Peter - Another informative post and like the fact you've got a couple of other viewpoints in there. However, you will have to desist before you bankrupt me. I've never been much of an experimenter with new colours but you and one or two others have been responsible for me ensuring that Jackson's cash flow remains high.

L.W.Roth, said...

Quinacridone purple, a little dab will do you, for this is a powerful color some idiot chose to paint the front doors of our condos. It's a great touch in paintings, but totally out of place on a front entrance door--any door. Sad to know it won't be fading anytime too soon.

Peter Ward said...

Thanks Mick. You rich Northerners shouldn't have a problem with finding the cash for a few art materials! I'll have to think what else I can encourage you to buy.

Peter Ward said...

Hi Linda. I wouldn't have thought a colour like that would have been suitable for a front door.

Ray Maclachlan said...

Thank you Peter, i really enjoy your posts on the paints. We are just starting to see DS paints here. The demo by Yvonne was very telling!

Peter Ward said...

Thanks Ray. Glad what I do doesn't always (grin) fall on stony ground! The DS paints are very good but price is certainly an issue here. In the USA I note the DS wedsite is always offering special deals but so far we get none.

If price is an issue - and it is to many including me - then I would suggest the unique DS colours are the ones to buy. Things like Raw Sienna, Burnt Sienna, etc can be just as good from other cheaper makers.
I don't know if you saw the feature I did on DS paints on here, in three parts, but that points the way. Just my opinion of course.

artist said...

I just ordered the Quinacridone Purple from Daniel Smith and was glad to read the reviews about it. I did luck out and get 25% off and free shipping. I didn't realize that you couldn't just shop on danielsmith.com and get the discounts. I did buy it to replace Winsor Violet PV23. My favorite permanent violet/purple was Bayeux Violet PV46 - Linel (Le Franc) Le Franc is not making watercolors anymore or if it is it isn't selling them in the US.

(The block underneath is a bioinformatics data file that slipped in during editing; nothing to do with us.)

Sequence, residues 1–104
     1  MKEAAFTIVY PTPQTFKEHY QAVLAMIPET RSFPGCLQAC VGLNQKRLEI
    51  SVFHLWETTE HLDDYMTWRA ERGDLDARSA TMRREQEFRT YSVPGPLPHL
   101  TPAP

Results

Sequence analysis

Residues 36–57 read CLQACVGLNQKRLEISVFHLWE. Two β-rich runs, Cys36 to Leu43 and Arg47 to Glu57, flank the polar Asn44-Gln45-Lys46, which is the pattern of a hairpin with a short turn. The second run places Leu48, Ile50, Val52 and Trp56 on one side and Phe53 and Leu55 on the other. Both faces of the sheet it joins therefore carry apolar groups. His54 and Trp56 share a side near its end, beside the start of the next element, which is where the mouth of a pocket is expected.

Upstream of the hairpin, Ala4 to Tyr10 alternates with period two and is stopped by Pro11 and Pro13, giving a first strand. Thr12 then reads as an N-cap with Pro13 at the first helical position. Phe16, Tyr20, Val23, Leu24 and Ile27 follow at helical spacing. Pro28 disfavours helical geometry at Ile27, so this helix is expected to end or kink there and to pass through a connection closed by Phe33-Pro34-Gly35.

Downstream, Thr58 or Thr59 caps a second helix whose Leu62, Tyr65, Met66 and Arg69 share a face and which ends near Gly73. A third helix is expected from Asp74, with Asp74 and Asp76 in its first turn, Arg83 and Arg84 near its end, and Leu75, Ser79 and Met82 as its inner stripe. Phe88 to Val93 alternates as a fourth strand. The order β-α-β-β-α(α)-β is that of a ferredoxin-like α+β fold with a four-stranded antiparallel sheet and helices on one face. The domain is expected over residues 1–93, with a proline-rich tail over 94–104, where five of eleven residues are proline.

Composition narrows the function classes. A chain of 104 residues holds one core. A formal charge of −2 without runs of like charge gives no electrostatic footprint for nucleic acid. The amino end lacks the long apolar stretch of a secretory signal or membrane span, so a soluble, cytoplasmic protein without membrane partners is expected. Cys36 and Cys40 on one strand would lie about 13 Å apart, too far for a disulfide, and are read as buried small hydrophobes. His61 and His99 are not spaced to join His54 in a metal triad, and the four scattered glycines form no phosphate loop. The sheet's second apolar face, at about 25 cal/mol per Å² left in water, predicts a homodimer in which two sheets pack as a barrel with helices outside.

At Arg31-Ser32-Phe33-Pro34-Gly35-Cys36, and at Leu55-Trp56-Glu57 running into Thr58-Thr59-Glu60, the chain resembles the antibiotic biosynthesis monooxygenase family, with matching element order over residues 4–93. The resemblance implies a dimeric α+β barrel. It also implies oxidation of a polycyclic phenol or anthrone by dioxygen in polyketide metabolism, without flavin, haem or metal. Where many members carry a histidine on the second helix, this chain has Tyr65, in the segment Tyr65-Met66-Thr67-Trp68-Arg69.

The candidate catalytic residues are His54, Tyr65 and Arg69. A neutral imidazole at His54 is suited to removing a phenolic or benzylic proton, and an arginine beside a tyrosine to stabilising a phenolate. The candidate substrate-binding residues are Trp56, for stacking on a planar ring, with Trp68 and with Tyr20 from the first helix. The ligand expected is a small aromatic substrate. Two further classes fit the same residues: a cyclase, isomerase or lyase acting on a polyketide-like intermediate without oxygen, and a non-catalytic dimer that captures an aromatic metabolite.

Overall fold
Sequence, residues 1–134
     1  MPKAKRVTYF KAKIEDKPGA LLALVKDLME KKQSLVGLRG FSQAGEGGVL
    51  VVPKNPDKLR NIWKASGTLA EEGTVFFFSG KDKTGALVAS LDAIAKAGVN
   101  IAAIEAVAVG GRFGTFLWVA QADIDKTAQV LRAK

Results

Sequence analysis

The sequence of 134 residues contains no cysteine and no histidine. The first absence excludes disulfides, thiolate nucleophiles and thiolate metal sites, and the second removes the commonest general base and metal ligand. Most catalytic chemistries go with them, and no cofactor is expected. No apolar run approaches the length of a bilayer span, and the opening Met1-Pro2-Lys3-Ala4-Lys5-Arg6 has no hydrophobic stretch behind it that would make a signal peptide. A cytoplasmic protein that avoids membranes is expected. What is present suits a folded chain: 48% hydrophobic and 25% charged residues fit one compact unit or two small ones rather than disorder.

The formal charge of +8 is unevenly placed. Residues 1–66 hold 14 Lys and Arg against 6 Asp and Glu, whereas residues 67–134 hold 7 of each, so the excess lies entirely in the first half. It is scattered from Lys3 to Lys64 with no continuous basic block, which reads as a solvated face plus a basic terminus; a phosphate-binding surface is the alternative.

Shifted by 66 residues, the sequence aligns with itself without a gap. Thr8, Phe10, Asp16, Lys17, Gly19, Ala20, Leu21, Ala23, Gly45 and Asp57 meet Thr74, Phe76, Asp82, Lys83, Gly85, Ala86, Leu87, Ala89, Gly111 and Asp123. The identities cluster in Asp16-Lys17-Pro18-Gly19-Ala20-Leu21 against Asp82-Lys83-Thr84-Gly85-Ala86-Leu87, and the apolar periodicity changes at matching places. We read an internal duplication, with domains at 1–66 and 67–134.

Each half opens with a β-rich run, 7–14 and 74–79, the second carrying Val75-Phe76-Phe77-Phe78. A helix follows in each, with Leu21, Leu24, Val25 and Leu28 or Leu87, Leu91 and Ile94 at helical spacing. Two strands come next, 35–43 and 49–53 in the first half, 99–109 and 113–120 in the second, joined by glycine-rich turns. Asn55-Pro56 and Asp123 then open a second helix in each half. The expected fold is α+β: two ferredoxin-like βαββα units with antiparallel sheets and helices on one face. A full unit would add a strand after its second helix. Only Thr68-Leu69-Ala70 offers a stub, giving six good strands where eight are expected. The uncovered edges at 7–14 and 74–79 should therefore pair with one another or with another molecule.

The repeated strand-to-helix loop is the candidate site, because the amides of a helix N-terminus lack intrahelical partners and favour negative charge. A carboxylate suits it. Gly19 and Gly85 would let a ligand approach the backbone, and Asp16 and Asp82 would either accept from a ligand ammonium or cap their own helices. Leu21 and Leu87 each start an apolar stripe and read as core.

Thank for the info, can't wait to try it.

Peter Ward said...

Thanks Linda. You get much better deals on Daniel Smith than we do. I look at the website and note the offers but importing them is not a realistic option, what with custom duties and possible VAT on top - plus carriage.

I've never heard of Bayeux Violet and I've never seen Linel on sale here.

Rui said...

Hi Peter,

The usual excellent standard of information is once again shown here. Thank you for putting all this effort for the benefit of many of us.

Like Mick says I am just about to increase someone's cash flow as I cannot resist colours like this specially the effect you achieved when you used it next to Translucent Orange. When I receive it I'll be trying to use it also with Translucent Yellow which is probably another complementary colour to purple.

Kind regards,

Rui

Peter Ward said...

Thanks Rui. The yellow would probably be a closer match than the orange. I'm tempted by these Translucent colours although I have the same pigments (PY110 and PBr41) in paints from Graham and Winsor & Newton.

Daniel Novotny said...

This really can be just the right single pigment purple hue we were missing. I was surprised to read that this is pigment PV55 because I have never heard of it. Now I know why. Thank you for sharing your findings Peter and for the informative article.

Peter Ward said...

Hi Daniel. Yes it could be. Those whop have used it so far are impressed.